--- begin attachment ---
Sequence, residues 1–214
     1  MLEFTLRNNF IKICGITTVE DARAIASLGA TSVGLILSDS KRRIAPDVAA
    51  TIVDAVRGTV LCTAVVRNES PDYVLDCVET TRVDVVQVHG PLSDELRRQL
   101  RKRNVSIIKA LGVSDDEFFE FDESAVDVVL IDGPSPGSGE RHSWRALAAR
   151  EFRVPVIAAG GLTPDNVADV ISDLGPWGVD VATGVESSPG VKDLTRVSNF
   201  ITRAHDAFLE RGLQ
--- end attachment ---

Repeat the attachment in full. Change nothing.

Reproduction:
Sequence, residues 1–214
     1  MLEFTLRNNF IKICGITTVE DARAIASLGA TSVGLILSDS KRRIAPDVAA
    51  TIVDAVRGTV LCTAVVRNES PDYVLDCVET TRVDVVQVHG PLSDELRRQL
   101  RKRNVSIIKA LGVSDDEFFE FDESAVDVVL IDGPSPGSGE RHSWRALAAR
   151  EFRVPVIAAG GLTPDNVADV ISDLGPWGVD VATGVESSPG VKDLTRVSNF
   201  ITRAHDAFLE RGLQ